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- English comedian, actor, director, producer, musician, writer, and former radio presenter
He's done The Office, Extras, Derek and After Life — the latter of which will release its third and final season on Netflix next month — but Ricky Gervais is arguably just as well-known for his work ribbing A-listers as a constant, and controversial, award show emcee.
In his five stints as host of the Golden Globes — most recently in 2020 — the British comedian has carved out a reputation for cracking jokes many consider to be off-limits and often at the expense of the stars sitting before him. But in a new interview with the Guardian, the 60-year-old explained why it's important to not "pander" to celebrities — and why, if anything, he's letting them off easy.
“Do I pander to the 200 billionaires in the room or the 200 million people at home sitting in their [underwear] drinking beer who aren’t winning awards, who aren’t billionaires?" he mused. "It’s a no-brainer for a comedian. I’m a jester. I play to the other peasants in the mud. I wasn’t going in terrible. Think of the things I could have said... Think of the f*****g terrible things I could have joked about. It’s off the charts — It’s. Off. The. Charts — the terrible things I could say.”
While he's ruffled feathers and dented some egos — he noted Kim Cattrall calling one Sex and the City dig ageist — Gervais claimed to have found a fan in Robert De Niro.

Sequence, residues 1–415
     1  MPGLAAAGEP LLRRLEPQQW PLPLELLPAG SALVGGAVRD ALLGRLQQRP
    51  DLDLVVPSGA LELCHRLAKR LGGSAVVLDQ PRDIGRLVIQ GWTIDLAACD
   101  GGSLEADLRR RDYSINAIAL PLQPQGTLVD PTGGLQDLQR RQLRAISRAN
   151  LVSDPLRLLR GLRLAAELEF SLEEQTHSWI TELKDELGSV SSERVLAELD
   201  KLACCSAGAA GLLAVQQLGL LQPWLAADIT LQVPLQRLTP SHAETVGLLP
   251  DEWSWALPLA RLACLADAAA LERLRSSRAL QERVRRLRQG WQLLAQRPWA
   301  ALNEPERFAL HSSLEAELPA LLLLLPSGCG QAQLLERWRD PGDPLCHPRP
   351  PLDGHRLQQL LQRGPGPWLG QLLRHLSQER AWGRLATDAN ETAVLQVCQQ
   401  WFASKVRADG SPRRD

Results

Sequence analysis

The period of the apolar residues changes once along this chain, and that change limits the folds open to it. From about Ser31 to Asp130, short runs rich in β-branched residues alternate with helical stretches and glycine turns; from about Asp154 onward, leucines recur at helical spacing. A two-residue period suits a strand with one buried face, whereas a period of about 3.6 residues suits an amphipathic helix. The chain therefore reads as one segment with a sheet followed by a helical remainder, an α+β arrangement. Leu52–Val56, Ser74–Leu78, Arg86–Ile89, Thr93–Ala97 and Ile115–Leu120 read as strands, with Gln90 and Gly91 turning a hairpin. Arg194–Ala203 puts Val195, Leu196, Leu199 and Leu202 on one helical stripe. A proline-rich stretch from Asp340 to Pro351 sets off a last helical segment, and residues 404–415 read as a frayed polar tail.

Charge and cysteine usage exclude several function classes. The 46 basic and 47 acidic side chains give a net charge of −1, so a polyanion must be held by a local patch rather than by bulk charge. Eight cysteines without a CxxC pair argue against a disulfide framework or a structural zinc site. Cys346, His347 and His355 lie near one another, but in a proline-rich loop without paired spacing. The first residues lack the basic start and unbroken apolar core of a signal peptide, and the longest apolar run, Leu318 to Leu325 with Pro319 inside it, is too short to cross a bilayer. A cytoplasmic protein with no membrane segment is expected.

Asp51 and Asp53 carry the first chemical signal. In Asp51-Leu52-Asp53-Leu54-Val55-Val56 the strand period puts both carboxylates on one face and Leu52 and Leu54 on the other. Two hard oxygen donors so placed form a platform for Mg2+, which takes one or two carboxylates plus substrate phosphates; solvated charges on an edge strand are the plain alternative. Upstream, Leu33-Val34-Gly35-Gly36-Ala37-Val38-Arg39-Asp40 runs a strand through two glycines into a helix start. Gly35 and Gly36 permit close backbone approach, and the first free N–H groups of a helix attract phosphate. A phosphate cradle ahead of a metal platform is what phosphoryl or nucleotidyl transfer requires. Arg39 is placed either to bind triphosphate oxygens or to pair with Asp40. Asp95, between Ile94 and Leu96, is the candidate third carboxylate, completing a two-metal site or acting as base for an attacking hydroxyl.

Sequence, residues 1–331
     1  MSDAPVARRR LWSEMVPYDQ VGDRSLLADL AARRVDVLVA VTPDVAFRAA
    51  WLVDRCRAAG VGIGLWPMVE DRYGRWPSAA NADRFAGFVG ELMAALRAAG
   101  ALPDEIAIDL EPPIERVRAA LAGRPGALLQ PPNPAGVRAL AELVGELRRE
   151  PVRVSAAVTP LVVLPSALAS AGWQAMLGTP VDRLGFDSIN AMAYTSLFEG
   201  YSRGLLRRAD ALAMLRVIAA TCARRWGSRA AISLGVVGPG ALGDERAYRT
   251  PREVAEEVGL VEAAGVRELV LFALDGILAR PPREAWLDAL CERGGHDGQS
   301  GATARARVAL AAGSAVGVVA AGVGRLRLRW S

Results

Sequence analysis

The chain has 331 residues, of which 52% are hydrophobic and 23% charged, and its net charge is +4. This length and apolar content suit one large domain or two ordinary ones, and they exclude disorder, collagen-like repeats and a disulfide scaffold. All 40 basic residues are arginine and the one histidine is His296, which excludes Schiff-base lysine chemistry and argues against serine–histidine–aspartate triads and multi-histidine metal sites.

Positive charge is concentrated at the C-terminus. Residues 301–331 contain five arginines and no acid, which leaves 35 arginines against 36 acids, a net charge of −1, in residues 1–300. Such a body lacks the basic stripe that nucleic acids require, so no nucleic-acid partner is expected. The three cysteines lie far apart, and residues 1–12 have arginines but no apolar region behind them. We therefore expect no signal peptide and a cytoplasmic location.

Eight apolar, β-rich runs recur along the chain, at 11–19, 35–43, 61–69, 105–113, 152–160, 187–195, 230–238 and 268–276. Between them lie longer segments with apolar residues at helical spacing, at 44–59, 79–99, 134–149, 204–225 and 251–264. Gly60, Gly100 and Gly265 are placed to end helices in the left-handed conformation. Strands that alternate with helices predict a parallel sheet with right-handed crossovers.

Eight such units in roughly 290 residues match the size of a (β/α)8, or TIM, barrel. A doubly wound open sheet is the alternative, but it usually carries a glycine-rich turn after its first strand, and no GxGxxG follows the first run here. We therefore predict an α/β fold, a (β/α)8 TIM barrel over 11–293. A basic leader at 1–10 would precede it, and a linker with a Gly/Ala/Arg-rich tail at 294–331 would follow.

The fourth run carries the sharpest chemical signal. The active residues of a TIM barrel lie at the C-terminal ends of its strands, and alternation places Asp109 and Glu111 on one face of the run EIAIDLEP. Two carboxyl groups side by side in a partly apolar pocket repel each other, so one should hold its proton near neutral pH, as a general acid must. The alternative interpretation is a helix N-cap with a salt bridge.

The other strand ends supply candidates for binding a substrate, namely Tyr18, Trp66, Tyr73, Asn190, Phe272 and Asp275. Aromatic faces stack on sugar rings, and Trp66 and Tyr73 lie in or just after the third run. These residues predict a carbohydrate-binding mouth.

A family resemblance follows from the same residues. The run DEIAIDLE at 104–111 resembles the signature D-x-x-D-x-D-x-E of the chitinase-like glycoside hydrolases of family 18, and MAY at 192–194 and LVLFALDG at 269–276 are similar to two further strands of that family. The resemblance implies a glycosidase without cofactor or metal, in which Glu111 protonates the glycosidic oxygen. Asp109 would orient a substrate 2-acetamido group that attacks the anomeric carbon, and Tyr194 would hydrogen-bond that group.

"Robert De Niro was just crying with laughter when I made a joke about Hugh Hefner and his young bride," Gervais said. "He called me after a week and said: ‘I wanna say you did a great job.’ ‘Oh man,’ I said, ‘I annoyed some people.’ He said: ‘F*** ’em, they were jokes.’”
While he's far from precious about causing offense — "You have to provoke!" — Gervais admitted being wary of the debates constantly raging on social media.
“Nowadays you hear everyone’s opinions," he told the U.K. paper. "If you go on Twitter for a day, you think there is a war going on, then you go outside for a walk and nothing’s changed. Twenty years ago, if you saw something on TV you didn’t like, you’d pick up a pen and go: ‘Dear BBC, I’m absolutely horrified … [and then not bother sending the letter]. Now you fire off a tweet and it makes the news. Twitter is like road rage.”
Though he appreciates Twitter as a marketing tool and insight into other people's opinions, he added, "Twitter enables narcissism because it allows people to put in print and to publish alongside scientists and politicians their deeply held opinion. Like, I do a thing about save the rhino, and someone always goes: ‘What about the kids in Syria?’ And I want to go back: ‘What are you doing about the kids in Syria?’”
Gervais has long defended his habit of taking celebrities down a peg, though there's one target he regrets mocking: Tim Allen.
“I think he took it wrong,” Gervais told The Hollywood Reporter last year of introducing Allen and his Toy Story co-star at the Globes in 2011. “The joke was [about] him and Tom Hanks. I came out and said, ‘Our next two presenters, the first has won five Oscars, combined box office of five billion dollars. And the other [is] Tim Allen.’ It’s a fine joke. But anyone standing next to Tom Hanks [would’ve been a target of such a swipe], unless it’s Dustin Hoffman or Robert Redford or Robert De Niro.
“I have nothing against Tim Allen,” Gervais explained. “He’s a good actor. He’s probably a nice bloke. So even though there’s no malice and I can justify it comedically and everyone laughed, I didn’t want Tim Allen to think, ‘Oh, that was written for me. Why me?’ Well, because you were standing next to Tom Hanks.”